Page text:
Show and Tell: Palette Modular Controller

    For this week's Show and Tell, Norm shares a new custom modular controller he's been testing for photo editing. Palette is a system of programmable buttons, dials, and sliders that tap into Adobe's suite of apps like Photoshop, Lightroom, and Premiere Pro. It's proven pretty useful for processing convention photos!

    Comic-Con 2015 Show Floor Walking Tour (Single Long Take)

    If you've never been to San Diego Comic-Con, it's difficult to get a sense of just how massive and packed the convention floor really is. Using a stabilized camera on a handheld gimbal, we give you our walking tour of comic-con, shot in a single 20-minute long take! We wade through the crowd to show you how the convention is laid out, step into a few of our favorite booths, and run into a few friends!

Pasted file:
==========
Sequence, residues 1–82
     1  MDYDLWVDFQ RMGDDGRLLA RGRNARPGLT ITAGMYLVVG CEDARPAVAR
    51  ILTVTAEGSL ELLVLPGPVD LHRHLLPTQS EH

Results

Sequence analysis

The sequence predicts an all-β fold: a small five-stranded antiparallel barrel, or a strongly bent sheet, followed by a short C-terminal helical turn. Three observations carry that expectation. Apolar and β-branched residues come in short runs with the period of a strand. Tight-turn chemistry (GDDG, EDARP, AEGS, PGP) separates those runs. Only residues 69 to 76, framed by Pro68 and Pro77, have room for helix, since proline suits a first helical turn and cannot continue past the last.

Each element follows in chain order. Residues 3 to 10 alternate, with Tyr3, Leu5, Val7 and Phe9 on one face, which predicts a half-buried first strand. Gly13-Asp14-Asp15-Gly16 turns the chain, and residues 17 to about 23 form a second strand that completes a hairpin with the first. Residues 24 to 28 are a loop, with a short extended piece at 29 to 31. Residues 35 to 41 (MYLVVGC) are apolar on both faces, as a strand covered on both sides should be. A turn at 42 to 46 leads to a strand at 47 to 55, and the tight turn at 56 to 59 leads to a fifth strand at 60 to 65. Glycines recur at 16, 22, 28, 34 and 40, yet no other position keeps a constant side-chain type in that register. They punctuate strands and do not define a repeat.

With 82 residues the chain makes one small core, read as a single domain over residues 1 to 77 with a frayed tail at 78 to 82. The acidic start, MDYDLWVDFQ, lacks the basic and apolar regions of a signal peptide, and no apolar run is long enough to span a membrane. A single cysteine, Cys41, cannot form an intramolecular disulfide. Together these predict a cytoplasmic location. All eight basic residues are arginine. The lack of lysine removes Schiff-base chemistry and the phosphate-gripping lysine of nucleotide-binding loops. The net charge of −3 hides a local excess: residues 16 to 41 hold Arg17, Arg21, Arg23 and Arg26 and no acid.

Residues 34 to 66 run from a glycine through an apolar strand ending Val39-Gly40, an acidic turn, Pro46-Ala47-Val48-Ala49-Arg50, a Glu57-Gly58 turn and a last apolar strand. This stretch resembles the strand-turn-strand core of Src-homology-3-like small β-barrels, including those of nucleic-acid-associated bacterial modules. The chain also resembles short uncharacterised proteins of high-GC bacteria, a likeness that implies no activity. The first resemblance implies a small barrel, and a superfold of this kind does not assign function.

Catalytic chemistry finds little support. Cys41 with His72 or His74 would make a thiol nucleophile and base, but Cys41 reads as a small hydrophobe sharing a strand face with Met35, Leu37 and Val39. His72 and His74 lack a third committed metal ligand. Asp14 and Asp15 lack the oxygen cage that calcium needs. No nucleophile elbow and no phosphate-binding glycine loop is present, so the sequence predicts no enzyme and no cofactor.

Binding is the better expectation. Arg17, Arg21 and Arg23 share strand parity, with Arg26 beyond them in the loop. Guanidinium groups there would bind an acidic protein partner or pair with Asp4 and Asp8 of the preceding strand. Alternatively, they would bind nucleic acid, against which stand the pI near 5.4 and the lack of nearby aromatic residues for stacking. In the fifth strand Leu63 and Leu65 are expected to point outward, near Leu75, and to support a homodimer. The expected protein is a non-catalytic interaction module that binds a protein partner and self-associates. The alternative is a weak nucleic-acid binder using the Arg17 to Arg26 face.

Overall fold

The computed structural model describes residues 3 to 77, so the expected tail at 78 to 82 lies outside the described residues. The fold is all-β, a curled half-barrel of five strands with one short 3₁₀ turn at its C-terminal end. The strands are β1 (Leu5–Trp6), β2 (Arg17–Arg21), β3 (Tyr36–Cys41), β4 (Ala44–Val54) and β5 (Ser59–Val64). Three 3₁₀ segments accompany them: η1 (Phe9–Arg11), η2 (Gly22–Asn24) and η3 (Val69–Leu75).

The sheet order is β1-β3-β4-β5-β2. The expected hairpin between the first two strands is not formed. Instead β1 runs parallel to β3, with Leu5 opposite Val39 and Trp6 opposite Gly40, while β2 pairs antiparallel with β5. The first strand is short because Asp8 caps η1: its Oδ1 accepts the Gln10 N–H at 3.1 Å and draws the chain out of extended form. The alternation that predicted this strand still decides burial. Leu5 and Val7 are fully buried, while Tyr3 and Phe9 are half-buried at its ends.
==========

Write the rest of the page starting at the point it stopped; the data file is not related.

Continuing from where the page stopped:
Show and Tell: Testing Camera Slider Gear

    For today's Show and Tell, Joey and Norm give you a behind-the-scenes look at some of the camera gear we use to film Tested videos. Specifically, camera sliders and motorized mounts that we use in the studio at on location. We've been testing the Redrock Micro One Man Crew motorized slider, which you may have seen used in previous Show and Tell videos!

    10 Awesome Wildlife Photos Taken With A Hidden Camera

    The natural world is replete with fantastic beauty, but many of the creatures in it don’t take too kindly to human beings harshing their mellow. More and more photographers are using hidden cameras, triggered by remote control or proximity sensors, to capture images of wildlife. Today, we’ll share ten amazing images of the wild kingdom taken without a human hand on the camera.